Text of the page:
An iconic photoshoot series with a burlesque superstar
Updated: Sep 9, 2021
Creative experimentation on a fun photoshoot with the glamorous starlet and burlesque superstar Felicity Furore
Where to start with introducing Felicity Furore? …Well, I’d first say she is the Queen of burlesque storytelling, she’s an enigmatic shapeshifter that captivates audiences with her hugely diverse repertoire. Whether it is as an energetic pelvic thrusting Elvis, a slinky, sultry, cheeky feline or glamorous nostalgic showgirl, Felicity knows how to get your full attention.
She’s consistently named as one of the top burlesque artists in the UK and was named one of the “UK Burlesque Performers of the Year” by The Burlesque Awards in September 2016. In the same year she was listed in Daily Quencher’s “Top 10 UK Burlesque Acts to Watch in 2016” and from there on Felicity has been listed among the top 20 most influential burlesque artists in the UK by 21st Century Burlesque in 2016, 2017 and 2018.
Collaborating with Felicity was so much fun and such a great opportunity to test out a variety of images. Felicity wanted to encapsulate a glamorous vintage feel to the images we shot and brought along a couple of fabulous feather headdresses and costumes.. We both have a keen eye for composition and graphic imagery so we wanted to play around as much as possible with color and poses. We set out a plan to shoot a series of costumes that contained key pieces from Felicity’s performer repertoire, once we captured those we explored other graphic looks focusing on shape and colour.
A particular favourite of mine was our pink ‘female CEO’ shots. The jacket worn was a fly-of-the-moment purchase that Felicity made and had kept stashed away in her wardrobe, it was a gorgeous tailored blazer jacket with a large pink bow across the back. The angular shape of the jacket was enough for the shot, we didn’t need to over complicate these shots with poses, so went for a simple table set series. Most of the drama in the jacket was from the waist up so this meant we were able to really show off the angles and shapes in the jacket. This shoot was a creative success and we created a huge selection of iconic images.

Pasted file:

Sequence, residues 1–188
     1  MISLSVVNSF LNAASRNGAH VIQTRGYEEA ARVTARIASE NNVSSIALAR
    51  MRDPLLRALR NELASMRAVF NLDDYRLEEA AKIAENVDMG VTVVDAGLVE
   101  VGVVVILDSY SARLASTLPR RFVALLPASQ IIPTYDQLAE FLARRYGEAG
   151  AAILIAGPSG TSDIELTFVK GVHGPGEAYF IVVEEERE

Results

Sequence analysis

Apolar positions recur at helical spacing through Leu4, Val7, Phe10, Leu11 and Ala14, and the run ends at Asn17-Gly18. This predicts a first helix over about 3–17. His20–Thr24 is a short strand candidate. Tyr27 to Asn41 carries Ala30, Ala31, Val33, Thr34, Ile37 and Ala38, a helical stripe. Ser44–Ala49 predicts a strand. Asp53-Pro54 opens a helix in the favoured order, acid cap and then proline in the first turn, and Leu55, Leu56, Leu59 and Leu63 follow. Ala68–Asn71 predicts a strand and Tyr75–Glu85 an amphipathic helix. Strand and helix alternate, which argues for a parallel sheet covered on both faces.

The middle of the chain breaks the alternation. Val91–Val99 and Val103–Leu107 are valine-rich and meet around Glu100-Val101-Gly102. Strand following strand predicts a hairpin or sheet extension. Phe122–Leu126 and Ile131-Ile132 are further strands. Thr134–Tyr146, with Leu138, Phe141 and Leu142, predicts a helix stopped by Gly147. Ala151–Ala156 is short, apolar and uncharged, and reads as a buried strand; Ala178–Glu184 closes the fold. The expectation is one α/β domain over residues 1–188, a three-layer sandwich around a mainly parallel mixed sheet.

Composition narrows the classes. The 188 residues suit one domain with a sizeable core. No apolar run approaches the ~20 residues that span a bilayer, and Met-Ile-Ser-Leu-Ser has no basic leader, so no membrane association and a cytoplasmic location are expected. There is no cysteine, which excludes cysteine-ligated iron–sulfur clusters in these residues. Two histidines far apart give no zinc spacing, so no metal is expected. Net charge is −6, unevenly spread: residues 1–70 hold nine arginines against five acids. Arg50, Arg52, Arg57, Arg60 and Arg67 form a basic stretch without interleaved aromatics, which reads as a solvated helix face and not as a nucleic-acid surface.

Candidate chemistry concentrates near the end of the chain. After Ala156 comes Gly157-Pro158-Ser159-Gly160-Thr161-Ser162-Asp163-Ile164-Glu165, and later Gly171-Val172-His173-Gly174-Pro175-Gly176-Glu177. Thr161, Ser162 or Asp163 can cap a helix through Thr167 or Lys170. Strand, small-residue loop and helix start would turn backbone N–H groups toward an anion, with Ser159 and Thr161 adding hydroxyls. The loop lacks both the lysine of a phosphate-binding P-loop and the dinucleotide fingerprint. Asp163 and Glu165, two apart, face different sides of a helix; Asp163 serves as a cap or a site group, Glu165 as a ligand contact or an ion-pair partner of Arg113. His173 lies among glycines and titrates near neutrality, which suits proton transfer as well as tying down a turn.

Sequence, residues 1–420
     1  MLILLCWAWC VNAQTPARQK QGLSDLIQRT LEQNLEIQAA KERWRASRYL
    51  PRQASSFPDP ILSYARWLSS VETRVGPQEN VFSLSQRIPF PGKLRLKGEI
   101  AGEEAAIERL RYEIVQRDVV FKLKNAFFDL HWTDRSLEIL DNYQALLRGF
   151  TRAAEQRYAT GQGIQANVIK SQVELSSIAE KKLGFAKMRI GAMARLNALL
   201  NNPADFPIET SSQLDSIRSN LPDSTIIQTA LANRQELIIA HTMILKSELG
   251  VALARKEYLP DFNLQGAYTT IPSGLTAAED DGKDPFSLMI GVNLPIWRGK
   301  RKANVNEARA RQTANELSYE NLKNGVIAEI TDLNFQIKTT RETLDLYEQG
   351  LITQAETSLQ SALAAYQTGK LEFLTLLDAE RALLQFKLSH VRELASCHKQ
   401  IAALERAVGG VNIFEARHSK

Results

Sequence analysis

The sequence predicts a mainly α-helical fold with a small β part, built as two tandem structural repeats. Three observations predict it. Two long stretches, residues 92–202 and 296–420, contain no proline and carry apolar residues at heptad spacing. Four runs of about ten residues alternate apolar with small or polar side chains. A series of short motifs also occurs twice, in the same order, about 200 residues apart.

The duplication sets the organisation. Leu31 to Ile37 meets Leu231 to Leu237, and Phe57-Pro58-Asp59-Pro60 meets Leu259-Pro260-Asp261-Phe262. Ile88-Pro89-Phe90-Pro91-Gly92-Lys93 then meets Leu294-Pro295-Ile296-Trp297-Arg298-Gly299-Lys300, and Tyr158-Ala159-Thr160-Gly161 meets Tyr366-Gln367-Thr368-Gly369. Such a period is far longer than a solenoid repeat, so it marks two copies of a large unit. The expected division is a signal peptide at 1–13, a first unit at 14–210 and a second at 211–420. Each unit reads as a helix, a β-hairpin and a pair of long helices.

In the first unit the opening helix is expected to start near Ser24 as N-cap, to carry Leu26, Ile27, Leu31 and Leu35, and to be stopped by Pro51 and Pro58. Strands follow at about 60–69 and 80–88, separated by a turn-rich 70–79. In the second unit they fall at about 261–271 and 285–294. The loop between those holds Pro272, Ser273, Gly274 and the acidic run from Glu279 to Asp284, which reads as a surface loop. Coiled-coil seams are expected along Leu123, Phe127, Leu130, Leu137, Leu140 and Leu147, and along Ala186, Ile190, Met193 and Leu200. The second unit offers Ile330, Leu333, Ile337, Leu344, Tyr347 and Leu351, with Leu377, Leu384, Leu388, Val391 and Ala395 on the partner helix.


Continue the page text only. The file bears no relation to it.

How would you describe Felicity in 3 words?
Sassy. Glamorous. Cheeky.
What do you hope your audience experiences when they see you perform?
The most important thing to me is connection. I want the audience to feel like we are all here together to have fun and feel fabulous. I want my energy to be infectious and for them to experience the same feelings of joy and empowerment that I am feeling while performing.
Have you ever had any performance hiccups, if so what has been your biggest hiccup and how did you overcome it?
I’m not sure about my biggest hiccup, but a great one was when I was performing freestyle to a live bad about 6 years ago and I went to take my bra off and it got completely stuck in my hair.
“I went to take my bra off and it got completely stuck in my hair. There was no way it was coming out so I decided to whip my head around and become a helicopter!”
There was no way it was coming out so I decided to whip my head around and become a helicopter. The crowd thought it was hilarious and I actually got another gig out of it, so it cant have been that bad!
Have you found any positive outcomes from the COVID-19 pandemic?
I have spent a lot of time figuring out who I am as a performer, and what I want to focus on moving forward. I’ve worked on my insecurities and spent time acknowledging my strengths. Hopefully this will all come into play when shows start up again, but I feel a lot better for it either way so that’s positive!
What for you is the foundation of a good creative collaboration?
Mutual respect and equal benefits. If you believe you can learn/gain a lot from what the other person has to offer, and that you can be equally valuable to them, your collaboration has a great starting point. Problems come when things are unbalanced because collaborating is all about mutual benefit.
‘If you believe you can learn/gain a lot from what the other person has to offer, and that you can be equally valuable to them, your collaboration has a great starting point.”